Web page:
Tibor de Nagy recently focused on one particular artist and her poet peers in the spectacular show Jane Freilicher: Painter Among Poets. The resulting catalogue features reproductions of Freilicher’s landscapes and still lifes, all of which have, like the New York School poets’ work, a beguiling mix of intensity, intelligence, and apparent ease. Here, we also find portraits of Schuyler, O’Hara, Ashbery, and Koch. This alone would be a treat, but the writing—reproductions of letters written, and poems about Freilicher (e.g. Schuyler’s “Looking Forward to Seeing Jane Real Soon”)—bring the sense of friendship, gossip, and idea-swapping to the forefront. As a writer, Freilicher is charming, insightful about her work, and a true wit. As Ashbery writes to her in a 1960 letter: “Dear Jane, Your letter came yesterday and it is already required reading in my set—Harry Mathews and Kenneth Koch both fell under the table in the restaurant where we all ate last night while reading it.”

  • “Is monster erotica lucrative?” New York Magazine talks to two Texas college students who have made more than mid-career accountants and engineers at Boeing by writing adult novels with titles like Taken By the T-Rex and Ravished by the Triceratops.

    At the Page Turner blog, Adelle Waldman considers why (and how) novelists fail to adequately address the subject of female beauty.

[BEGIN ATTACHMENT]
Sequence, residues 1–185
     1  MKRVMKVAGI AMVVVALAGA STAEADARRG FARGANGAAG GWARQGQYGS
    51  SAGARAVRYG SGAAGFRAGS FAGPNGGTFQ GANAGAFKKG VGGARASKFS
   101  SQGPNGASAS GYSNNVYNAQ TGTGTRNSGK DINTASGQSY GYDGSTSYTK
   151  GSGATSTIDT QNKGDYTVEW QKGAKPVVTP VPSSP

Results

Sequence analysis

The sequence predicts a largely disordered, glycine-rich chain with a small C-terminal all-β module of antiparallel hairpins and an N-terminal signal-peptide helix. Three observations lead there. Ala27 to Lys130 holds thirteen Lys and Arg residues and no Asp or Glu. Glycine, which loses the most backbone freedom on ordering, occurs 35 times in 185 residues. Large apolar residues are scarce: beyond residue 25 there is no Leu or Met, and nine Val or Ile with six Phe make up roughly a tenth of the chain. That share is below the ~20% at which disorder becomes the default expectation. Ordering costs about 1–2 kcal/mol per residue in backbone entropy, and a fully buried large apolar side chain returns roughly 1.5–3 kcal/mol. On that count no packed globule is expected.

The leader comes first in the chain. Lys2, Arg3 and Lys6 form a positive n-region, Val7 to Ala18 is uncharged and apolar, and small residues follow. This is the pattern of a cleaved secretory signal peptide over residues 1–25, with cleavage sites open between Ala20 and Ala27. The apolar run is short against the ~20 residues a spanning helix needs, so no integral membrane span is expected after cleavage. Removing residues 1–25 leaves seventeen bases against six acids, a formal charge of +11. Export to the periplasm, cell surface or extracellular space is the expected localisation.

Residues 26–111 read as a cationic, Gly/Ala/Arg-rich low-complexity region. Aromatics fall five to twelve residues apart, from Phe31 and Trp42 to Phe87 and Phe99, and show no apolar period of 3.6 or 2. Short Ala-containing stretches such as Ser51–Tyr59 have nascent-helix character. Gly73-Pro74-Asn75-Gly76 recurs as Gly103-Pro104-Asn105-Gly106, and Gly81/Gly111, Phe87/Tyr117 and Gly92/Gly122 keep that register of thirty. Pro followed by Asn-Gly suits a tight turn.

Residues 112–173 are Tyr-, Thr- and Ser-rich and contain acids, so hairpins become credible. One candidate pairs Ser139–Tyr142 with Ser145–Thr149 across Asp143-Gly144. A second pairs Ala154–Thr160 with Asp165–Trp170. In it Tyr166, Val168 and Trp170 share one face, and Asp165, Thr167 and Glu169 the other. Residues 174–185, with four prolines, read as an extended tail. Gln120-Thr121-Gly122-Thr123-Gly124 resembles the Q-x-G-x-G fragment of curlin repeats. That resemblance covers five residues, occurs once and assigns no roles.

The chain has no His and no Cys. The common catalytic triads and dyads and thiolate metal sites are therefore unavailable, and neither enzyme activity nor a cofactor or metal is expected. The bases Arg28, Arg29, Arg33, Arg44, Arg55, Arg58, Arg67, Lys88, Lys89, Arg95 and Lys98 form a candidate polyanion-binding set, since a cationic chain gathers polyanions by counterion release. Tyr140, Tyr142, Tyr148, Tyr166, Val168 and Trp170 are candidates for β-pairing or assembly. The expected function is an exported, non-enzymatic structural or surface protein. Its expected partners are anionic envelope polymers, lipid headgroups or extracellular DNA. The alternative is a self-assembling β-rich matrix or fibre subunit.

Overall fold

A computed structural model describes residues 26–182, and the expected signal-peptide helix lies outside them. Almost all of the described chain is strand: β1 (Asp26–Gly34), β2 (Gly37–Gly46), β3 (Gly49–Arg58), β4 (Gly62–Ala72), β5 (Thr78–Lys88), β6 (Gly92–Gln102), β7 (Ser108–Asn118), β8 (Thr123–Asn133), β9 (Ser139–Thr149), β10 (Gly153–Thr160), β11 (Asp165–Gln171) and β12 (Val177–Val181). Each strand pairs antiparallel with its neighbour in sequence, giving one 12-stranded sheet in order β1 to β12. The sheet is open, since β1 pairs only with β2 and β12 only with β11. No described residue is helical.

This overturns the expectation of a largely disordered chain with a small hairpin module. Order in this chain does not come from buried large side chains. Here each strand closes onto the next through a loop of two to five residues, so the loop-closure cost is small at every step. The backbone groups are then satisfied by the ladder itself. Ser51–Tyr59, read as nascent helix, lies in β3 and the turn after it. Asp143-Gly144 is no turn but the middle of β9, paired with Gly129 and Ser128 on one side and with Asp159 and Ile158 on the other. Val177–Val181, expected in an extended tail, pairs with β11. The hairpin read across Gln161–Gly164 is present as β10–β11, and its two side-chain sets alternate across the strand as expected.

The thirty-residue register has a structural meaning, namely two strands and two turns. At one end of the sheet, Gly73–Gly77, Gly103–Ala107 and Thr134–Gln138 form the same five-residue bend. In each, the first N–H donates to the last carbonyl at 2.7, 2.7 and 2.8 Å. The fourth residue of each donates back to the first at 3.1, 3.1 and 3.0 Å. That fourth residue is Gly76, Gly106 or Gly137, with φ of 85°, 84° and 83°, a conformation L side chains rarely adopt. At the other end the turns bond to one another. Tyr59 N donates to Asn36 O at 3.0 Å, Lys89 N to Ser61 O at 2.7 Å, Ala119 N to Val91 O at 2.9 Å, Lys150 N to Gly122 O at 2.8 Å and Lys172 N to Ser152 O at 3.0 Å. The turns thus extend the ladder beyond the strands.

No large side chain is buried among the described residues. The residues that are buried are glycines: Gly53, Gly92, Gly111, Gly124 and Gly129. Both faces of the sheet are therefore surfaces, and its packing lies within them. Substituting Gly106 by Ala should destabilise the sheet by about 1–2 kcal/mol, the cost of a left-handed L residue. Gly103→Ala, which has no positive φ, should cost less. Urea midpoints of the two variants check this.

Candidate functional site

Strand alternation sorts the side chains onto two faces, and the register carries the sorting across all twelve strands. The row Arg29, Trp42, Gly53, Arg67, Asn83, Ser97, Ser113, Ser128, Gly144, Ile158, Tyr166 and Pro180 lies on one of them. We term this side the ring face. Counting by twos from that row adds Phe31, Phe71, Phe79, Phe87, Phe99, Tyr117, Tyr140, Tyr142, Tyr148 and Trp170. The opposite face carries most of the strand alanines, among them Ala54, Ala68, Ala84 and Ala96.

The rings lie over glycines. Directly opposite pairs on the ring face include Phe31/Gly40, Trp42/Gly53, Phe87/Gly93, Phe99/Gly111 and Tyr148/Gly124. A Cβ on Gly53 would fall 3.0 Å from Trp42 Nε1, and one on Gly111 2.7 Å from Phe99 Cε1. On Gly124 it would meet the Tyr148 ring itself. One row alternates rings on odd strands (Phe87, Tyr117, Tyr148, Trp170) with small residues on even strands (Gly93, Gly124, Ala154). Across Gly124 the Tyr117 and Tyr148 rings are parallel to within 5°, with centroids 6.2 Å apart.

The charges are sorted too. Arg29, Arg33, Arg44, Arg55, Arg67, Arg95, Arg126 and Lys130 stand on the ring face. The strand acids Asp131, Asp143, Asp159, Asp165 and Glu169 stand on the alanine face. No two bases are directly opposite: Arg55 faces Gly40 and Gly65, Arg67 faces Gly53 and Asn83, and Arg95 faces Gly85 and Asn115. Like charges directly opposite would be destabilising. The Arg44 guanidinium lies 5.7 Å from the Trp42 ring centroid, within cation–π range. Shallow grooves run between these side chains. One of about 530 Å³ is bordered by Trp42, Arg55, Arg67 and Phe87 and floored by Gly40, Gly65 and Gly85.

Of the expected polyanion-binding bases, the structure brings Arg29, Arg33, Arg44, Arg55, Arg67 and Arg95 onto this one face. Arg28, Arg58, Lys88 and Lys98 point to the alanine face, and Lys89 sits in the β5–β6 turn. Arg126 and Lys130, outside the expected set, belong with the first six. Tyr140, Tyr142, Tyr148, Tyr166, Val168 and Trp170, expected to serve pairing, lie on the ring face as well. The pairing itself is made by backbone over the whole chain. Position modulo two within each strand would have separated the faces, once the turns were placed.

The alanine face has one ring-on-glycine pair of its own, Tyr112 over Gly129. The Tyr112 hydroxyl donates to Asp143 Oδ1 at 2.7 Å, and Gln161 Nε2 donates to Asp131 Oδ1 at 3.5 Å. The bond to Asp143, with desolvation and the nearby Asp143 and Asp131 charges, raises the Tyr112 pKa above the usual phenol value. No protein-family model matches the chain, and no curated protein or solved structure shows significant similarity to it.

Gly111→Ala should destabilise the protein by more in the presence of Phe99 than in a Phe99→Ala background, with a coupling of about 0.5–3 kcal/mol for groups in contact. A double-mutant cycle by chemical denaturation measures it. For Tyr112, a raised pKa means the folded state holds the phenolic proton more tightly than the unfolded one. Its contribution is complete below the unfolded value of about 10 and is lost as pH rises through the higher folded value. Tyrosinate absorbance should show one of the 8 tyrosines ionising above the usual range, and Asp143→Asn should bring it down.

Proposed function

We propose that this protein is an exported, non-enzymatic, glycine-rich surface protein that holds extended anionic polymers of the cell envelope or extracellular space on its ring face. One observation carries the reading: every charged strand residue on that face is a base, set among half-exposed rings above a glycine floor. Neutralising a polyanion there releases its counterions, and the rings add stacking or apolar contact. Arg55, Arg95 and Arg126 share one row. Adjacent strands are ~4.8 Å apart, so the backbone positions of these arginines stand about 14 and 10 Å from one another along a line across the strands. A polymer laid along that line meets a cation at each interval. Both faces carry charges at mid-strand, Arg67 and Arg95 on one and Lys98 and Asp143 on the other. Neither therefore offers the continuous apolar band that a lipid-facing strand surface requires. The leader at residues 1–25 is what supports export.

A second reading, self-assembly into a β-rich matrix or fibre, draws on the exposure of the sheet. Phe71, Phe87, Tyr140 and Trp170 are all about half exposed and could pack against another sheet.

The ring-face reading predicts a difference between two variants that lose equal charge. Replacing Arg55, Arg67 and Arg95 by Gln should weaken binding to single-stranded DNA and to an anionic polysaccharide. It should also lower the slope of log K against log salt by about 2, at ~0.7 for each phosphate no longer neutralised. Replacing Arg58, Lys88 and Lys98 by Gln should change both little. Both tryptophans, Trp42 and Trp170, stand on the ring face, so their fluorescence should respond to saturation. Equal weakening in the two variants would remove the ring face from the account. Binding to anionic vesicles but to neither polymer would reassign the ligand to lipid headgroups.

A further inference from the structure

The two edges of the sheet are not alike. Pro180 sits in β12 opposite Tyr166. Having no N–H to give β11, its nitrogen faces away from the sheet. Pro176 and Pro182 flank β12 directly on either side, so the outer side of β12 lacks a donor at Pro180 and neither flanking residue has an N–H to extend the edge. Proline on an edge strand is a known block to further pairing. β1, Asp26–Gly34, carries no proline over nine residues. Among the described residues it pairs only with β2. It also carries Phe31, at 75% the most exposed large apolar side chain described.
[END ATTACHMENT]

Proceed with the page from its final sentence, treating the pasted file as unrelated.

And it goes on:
The new, all digital Newsweek is staffing up, and they’ve already poached some good writers, including Jezebel’s Katie Baker and the New York Times’s Karla Zabludovsky.

    A real book.

    A real book.

    Dave Eggers released a statement this week in response to accusations that he plagiarized the conceit of Kate Losse’s memoir The Boy Kings, which detailed her years as an early employee at Facebook. In an email to Gawker, Eggers said, ”I’ve just heard about the claims of Kate Losse that my novel, The Circle, was somehow based on a work of nonfiction she wrote. I want to make it clear that I have never read and have never heard of her book before today. I did not, in fact, read any books about any internet companies, or about the experiences of anyone working at any of these companies, either before or while writing The Circle.”

    A new law in France will prevent Amazon.fr from shipping discounted new books to customers for free. The regulation is an amendment to a 1981 law that mandates that all new books must be sold at a fixed price.

    Once again, Jonathan Franzen is railing against social media. This week, Franzen returned to his favorite topic during a BBC radio interview, describing social media as a “coercive development.” He remarked, “What I find particularly alarming from the point of view of American fiction is that… agents will now tell young writers: ‘I won’t even look at your manuscript if you don’t have 250 followers on Twitter.’” Franzen added, “I see people who ought to be spending their time developing their craft, and people who used to be able to make a living as freelance writers, I see them making nothing and coerced into this constant self-promotion.”

  • October 3, 2013

    In a thinly veiled attempt to make sure that nobody ever turns off their Kindle, Amazon has been prodding the Federal Aviation Administration to revise their rules about turning off electronic devices during takeoff and landings. Recent tests conducted both by Amazon and an FAA panel have found that use of electronics—contrary to conventional wisdom—have no effect on planes.